City law firms have quietly embraced innovation in the way they deliver legal services, but are going to have to face up to greater change in the coming years, the first Legal Futures Special Report has concluded.
The report – Innovation in the City: The quiet revolution – is published today in association with Thomson Reuters. It is free to download here.
It is the product of a roundtable held with senior representatives from both established and new legal businesses, as well as a series of interviews with others leading the way in innovation.
It concludes that although much of the headline activity in recent years has been at the high street end of the legal market, many City firms have moved a considerable way in a relatively short period of time, mainly – but not exclusively – in response to the recession and the demands of their clients.
Many are coming up with a range of tactical and strategic responses to the challenges they face, while a smaller number are rethinking the way they do business, and the value and service they provide to clients.
It says: “A common theme is far greater sophistication in the way matters are resourced, with work assigned to the appropriate level of lawyer/non-lawyer, combined with smart technology. We have not reached Professor Richard Susskind’s vision of a matter being decomposed into its constituent parts, with each one resourced as appropriate – whether internally or externally – but the process is making firms focus on what they are good at…
“The technology-enabled revolution in the way we all work will not stop at the door of the City. It is amazing to think of how much practice has changed in the 30 years since computers first started appearing in the most progressive law firms’ offices.”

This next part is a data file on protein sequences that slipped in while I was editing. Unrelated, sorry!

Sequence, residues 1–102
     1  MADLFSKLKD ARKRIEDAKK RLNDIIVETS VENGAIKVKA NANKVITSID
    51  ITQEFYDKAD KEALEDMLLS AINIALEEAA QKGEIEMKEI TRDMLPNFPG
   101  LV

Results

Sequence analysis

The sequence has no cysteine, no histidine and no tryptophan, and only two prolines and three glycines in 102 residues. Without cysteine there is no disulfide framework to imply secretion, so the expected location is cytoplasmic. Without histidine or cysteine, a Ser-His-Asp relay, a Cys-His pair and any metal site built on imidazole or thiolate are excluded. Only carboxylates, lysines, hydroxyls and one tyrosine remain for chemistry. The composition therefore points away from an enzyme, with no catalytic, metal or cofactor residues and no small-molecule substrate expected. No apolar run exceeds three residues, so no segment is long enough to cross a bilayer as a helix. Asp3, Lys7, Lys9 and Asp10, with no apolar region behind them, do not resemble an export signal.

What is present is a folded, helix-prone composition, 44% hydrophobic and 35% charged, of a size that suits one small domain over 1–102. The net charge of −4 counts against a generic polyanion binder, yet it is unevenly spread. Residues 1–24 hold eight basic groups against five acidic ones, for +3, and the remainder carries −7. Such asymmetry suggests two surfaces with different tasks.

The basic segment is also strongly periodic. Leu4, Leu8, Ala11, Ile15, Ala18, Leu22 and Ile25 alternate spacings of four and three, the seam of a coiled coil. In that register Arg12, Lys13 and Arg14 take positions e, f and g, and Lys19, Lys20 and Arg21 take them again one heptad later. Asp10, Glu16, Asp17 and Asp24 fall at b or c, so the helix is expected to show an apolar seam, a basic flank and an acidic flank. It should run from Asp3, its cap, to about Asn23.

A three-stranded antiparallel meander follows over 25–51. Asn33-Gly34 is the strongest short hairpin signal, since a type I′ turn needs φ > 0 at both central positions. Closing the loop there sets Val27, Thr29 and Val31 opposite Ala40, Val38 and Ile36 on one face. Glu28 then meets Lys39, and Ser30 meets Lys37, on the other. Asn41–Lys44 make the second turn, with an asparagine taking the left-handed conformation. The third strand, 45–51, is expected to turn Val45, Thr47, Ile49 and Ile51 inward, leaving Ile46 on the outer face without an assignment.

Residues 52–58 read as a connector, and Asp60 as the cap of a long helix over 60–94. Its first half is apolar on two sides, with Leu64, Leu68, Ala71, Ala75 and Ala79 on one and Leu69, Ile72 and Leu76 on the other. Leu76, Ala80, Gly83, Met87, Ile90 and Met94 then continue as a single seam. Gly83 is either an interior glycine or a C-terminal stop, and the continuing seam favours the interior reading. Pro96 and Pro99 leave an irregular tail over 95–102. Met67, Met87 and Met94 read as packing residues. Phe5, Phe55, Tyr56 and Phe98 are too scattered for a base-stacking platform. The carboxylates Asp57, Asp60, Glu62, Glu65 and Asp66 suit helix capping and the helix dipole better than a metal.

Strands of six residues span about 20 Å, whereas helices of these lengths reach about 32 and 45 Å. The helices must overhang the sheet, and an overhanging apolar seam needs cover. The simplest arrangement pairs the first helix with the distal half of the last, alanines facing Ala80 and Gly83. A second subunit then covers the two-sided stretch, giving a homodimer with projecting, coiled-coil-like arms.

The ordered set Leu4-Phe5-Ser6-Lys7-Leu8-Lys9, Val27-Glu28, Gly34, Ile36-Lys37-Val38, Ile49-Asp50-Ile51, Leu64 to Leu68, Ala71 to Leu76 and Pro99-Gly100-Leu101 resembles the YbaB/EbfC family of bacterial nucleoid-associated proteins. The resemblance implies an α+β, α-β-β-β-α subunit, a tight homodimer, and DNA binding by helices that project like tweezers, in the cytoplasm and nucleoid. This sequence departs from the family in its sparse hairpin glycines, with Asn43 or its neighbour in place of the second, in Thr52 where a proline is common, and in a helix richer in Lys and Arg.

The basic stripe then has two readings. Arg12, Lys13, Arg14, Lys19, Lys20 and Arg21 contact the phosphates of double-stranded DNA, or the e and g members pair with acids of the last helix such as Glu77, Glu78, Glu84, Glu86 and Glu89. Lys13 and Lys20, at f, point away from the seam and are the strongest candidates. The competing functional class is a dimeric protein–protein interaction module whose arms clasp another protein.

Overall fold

Sam Steer, Head of Large Law at Thomson Reuters, said the drive to “industrialise” law – as it was put in the report by Marc-Henri Chamay, managing director of e-business at Allen & Overy – is “evident in the demand we’re seeing from our leading law firm clients”.
She said: “If the changes that have taken place in the legal market over the past two years are any indication of what lies ahead, the future of legal services is set to be an exciting one.
“It’s clear from this report that firms are taking varying approaches to innovation. Whether they’re reimagining the law entirely or seeking to make tactical efficiency gains, many are partnering with legal solutions providers like Thomson Reuters to help them work differently.”
Marc-Henri Chamay is among the speakers at next week’s Legal Futures Annual Conference – Era of the Entrepreneur. Tickets are still available. Click here for details.